Democrats Introduce Bill That Could Embarrass Wal-Mart

Posted June 22, 2005 at 6:36pm

Against a backdrop of demonstrators holding signs reading “Health Care — Not Special Interest Handouts,” a trio of Democratic lawmakers announced the introduction of legislation they said would reveal the true cost of Wal-Mart’s low prices to taxpayers.

Sens. Edward Kennedy (D-Mass.) and Jon Corzine (D-N.J.) and Rep. Anthony Weiner (D-N.Y.) on Wednesday introduced the Health Care Accountability Act, which has no GOP sponsors, in both chambers.

The legislation would require states to report the number of employees of large companies that receive government-sponsored health coverage such as Medicaid.

Unlike a vetoed bill in Maryland that would have required employers like Wal-Mart to spend a specified portion of their profits on their workers’ health coverage, this bill would mandate only that data be collected and made public.

That alone could serve as an impetus for companies to step up their health coverage, the Members said.

“If you don’t want to end up on a chart of shame, there’s an easy solution,” Weiner said at a press conference in the Russell Senate Office Building. “Part of the plan is to embarrass companies like Wal-Mart” in order to get them to provide greater coverage for their employees.

Corzine said that when the government picks up the tab for the company’s uninsured employees, it amounts to a “Wal-Mart tax.”

In contrast to Wal-Mart’s low profile on Capitol Hill as recently as a year ago, Wal-Mart advocates also attended the event.

The company’s director of government relations, Kimberly Woodard, said after the press conference that “I don’t think we have a Wal-Mart health care crisis. I think we have a national health care crisis. I think it is disingenuous to put this all on Wal-Mart.”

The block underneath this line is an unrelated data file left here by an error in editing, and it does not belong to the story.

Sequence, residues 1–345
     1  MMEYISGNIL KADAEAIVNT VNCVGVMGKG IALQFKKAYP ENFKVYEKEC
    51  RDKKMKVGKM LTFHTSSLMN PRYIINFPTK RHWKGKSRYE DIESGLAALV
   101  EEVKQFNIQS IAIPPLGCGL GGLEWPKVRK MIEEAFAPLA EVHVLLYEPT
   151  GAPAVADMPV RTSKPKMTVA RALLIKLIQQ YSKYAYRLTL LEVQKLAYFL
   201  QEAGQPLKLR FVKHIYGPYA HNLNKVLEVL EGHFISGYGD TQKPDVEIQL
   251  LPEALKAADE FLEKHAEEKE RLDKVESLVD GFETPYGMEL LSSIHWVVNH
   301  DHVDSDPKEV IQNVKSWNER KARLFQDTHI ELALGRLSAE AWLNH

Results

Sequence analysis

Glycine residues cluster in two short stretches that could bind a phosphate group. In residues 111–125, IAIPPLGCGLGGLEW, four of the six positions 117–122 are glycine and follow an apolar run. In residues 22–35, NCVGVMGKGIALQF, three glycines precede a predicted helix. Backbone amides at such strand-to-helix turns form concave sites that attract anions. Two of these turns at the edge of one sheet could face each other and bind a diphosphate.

In addition to the Members who attended, United Food and Commercial Workers Union President Joe Hansen was on hand, along with a group from Wake Up Wal-Mart.

“We are genuinely concerned about health care in America,” Hansen said at the event. “This act will help the American people find out the truth,” which he said he and other union representatives already know. “The Wal-Martization of our economy jeopardizes our workers’ ability to join the middle class,” he said.

Ann Shupe, a member of the UFCW union from West Virginia, said her health care benefits at the Kroger Co. are at risk. “Kroger is asking me to make concessions because of Wal-Mart,” she said.

After the event, Hansen said that his union, along with Wake Up Wal-Mart, which is funded by the UFCW, is targeting Wal-Mart almost exclusively because Wal-Mart is the “biggest and baddest, and we’ll go from there.”

Unions and anti-Wal-Mart groups have long worked at the state and local level to pass laws that rein in Wal-Mart on one front or another.

But Chris Kofinis, communications adviser to Wake Up Wal-Mart, called the Kennedy-Weiner bill “the first dramatic piece of national legislation.”

Mia Masten, a Wal-Mart spokeswoman who also attended the event, said later that “we encourage transparency, as long as collection [of the data] is done equally.”

Masten stressed that the company wants to make sure that if the government uses this data as a baseline, then the data must be comprehensive, accurate and uniform among different states.

“Those are the types of possible amendments that need to be looked at if the legislation is going to move forward,” she said.

In addition, she said, lawmakers should look at the percentage — rather than the absolute numbers — of a company’s employees in the federal health system, because Wal-Mart is the largest retail employer in the United States and focusing on it alone would be misleading.

According to a statement released by Wal-Mart, the retail giant said that it historically has paid about two-thirds of the cost of its employees’ medical plan.

“We insure more than 500,000 associates,” with premiums starting below $40 a month, the statement said. And advocates for Wal-Mart frequently point out that it provides health coverage for part-time workers — something many of its competitors do not.

Bill Miller, the vice president for Congressional affairs at the U.S. Chamber of Commerce, said that his group considers the Wal-Mart bill a national business issue.

“This does not help the uninsured problem,” he said. “All it does is take away either corporate or government resources that could better be used to lessen the number of un- and under-insured Americans.”